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Julie Bulitt is a licensed clinical social worker. David Bulitt is a divorce lawyer. They have been married for 34 years.

Who for the last year has not been spending more than a little too much time roaming around in pajamas? We planned to get out of ours one morning, but after some thought, it just seemed like such a waste. Why should we dirty up laundry just to go from the bedroom to the kitchen to the home office and around again? Put on some pants or a dress? Shirt and tie? And what about shoes? Real shoes — not sneakers, slippers or Birkenstocks. No thanks. In our PJs we would stay. Happy, content and comfy.

If most of us knew a year ago what we know now — that we would be under some degree of house arrest for an entire year — there would have been plenty of “get out of heres” and “no ways” and “you are full of its.” Most of us would have had more than a little difficulty getting our arms around a year of “nos.” No family. No friends. No trips. No movies. No, no, no. Yet, here we are. Thankfully, not at the beginning, but closer to the end.

Both of us tell our clients, for obvious different reasons and with varying purposes, that there is an end in sight. In David’s practice as a divorce lawyer, many unhappy couples have found themselves in an unrelenting relationship purgatory — somewhere between “I am stuck” and “I need to get out.” For many of Julie’s family therapy clients, the idea of transitioning back to “normal” is particularly stressful. It’s apprehension overload.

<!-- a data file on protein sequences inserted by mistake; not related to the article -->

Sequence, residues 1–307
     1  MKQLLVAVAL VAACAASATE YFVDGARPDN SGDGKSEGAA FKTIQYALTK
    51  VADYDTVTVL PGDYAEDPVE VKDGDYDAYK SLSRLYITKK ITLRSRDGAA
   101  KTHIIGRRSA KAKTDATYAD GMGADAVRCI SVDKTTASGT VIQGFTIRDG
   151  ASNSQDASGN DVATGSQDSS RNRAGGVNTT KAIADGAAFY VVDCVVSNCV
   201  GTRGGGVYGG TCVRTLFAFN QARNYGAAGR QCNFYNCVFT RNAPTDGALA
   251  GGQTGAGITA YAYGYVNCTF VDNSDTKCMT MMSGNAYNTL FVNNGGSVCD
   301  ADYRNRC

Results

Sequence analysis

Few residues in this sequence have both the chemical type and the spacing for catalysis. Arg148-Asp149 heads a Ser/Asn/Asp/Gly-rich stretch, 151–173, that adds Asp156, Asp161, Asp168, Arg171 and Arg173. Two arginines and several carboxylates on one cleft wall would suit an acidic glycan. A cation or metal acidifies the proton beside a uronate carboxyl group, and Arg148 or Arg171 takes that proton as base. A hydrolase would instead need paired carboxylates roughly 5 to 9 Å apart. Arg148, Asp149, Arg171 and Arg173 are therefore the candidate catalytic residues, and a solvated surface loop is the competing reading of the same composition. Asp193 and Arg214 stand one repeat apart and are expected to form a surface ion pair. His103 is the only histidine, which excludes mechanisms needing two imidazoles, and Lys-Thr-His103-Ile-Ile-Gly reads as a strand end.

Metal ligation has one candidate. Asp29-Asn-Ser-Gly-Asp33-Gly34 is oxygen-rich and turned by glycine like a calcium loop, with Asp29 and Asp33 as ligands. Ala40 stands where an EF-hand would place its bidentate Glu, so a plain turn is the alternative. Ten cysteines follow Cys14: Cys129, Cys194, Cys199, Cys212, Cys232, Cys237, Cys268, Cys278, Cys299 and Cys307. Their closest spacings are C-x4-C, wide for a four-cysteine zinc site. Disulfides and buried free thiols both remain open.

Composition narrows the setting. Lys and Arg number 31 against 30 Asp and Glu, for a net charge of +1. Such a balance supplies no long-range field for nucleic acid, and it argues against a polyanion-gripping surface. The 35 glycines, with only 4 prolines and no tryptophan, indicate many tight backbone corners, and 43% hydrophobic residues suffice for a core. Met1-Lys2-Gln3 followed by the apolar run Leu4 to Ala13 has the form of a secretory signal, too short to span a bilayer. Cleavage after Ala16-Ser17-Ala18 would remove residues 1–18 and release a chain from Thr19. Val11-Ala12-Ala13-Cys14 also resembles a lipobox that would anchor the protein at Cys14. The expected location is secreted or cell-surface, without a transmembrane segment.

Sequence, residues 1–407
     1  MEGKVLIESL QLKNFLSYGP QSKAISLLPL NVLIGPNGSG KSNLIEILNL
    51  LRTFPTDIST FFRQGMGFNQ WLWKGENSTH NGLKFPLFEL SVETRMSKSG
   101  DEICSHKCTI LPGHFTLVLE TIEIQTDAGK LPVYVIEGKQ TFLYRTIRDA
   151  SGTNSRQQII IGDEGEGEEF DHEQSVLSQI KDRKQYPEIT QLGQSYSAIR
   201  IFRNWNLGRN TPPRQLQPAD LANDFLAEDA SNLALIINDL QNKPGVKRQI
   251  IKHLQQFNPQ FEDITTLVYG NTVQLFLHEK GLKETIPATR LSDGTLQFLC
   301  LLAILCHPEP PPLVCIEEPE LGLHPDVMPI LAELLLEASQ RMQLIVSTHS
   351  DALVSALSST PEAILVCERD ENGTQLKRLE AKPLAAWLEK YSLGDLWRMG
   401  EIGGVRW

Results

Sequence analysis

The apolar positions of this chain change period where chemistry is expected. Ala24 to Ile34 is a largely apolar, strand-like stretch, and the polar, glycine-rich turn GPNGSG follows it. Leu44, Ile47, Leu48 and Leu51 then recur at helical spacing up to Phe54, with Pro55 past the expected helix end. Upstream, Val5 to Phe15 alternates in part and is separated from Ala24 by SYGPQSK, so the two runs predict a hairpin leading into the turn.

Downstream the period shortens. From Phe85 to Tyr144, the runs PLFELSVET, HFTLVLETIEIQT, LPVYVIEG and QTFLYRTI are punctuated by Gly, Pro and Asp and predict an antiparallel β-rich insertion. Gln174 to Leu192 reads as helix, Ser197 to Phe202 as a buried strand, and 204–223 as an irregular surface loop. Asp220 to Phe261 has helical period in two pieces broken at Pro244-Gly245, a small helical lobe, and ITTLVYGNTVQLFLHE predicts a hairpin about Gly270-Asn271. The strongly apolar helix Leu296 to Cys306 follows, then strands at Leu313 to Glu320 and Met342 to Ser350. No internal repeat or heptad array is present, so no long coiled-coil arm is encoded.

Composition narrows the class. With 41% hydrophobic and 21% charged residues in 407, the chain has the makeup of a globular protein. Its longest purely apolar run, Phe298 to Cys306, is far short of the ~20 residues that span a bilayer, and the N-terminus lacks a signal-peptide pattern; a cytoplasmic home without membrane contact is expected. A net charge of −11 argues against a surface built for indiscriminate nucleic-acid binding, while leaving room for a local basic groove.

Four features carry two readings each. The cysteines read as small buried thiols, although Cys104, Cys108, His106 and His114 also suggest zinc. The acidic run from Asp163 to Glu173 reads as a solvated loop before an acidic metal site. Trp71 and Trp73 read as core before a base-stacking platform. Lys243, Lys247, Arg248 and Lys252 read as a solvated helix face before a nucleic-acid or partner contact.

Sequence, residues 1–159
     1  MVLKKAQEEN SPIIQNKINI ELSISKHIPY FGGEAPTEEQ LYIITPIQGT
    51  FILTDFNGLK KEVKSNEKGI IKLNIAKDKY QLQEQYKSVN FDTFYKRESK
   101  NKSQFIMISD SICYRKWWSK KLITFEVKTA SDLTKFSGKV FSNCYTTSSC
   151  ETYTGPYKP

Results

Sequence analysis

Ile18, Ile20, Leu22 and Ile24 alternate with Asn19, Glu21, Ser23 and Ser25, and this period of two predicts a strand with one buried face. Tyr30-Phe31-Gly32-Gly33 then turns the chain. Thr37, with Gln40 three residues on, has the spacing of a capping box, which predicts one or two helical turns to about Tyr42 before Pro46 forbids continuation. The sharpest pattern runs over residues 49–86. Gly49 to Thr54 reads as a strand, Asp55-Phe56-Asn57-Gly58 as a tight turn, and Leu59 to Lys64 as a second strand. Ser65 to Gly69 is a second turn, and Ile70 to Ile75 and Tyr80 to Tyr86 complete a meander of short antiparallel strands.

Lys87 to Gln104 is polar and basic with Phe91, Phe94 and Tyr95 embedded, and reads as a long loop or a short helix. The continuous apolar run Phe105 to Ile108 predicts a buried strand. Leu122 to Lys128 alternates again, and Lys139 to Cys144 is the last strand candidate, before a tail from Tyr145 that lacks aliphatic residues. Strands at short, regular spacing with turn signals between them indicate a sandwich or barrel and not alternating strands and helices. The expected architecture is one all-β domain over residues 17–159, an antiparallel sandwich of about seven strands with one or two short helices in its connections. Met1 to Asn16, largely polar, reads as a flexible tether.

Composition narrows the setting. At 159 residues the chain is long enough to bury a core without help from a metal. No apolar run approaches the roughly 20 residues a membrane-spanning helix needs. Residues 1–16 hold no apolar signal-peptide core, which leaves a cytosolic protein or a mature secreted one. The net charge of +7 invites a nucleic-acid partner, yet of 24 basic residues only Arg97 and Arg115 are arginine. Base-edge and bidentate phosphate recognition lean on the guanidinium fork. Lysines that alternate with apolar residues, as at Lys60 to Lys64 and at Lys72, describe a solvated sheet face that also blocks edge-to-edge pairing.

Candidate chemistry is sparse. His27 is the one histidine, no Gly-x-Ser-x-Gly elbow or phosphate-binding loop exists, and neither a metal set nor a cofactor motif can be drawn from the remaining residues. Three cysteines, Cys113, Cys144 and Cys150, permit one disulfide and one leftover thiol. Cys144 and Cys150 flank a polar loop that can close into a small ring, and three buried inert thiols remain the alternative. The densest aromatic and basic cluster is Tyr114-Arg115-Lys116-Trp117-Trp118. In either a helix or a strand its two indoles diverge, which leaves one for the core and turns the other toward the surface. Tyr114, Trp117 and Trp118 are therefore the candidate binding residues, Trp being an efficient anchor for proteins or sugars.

For those who struggle with interpersonal relationships and social anxiety, in particular, the last 12 months have provided a consoling blanket of comfort. Nervous around crowds or strangers? Don’t like interacting with peers or co-workers? No problem. Stay home. Stay close. Stay in your PJs.

But what now? The weather is turning warmer. Vaccines are becoming easier to come by. Stores and restaurants are reopening, workers are heading back to their offices, and many people are looking to travel more. To just get out and do.

Many others are not all that hip to returning into a world that requires us to face people again, with masks or without. Make no mistake, social anxiety is real and has metastasized; it affects children and adults of all ages and backgrounds. It does not discriminate among gender, race or vocation. It can be depressing, oppressive and overwhelming. The anxiety is multifaceted and comes from a myriad directions. Can I shake hands? Hug someone? How close can I be when I am talking with a friend? What about crowds? Don’t even try talking about concerts and parties and sporting events. To borrow from the “Star Wars” movies, those seem to exist on some other planet that is far, far away.

Simple everyday human contact has, for all intents and purposes, been put on hold by a COVID-induced pause button. People’s social skills have gotten rusty or in some cases stalled completely. There is a very palpable trepidation over what reentry will look and feel like, and whether we will ever again be able to have normal relationships with others.

So, what are we to do? Stay in, cover up and stay planted in our self-contained cocoons? We don’t think so. Readying yourself for any new journey calls for courage. Put one foot in front of the other, breathe and take that first step. And please, put away the PJs.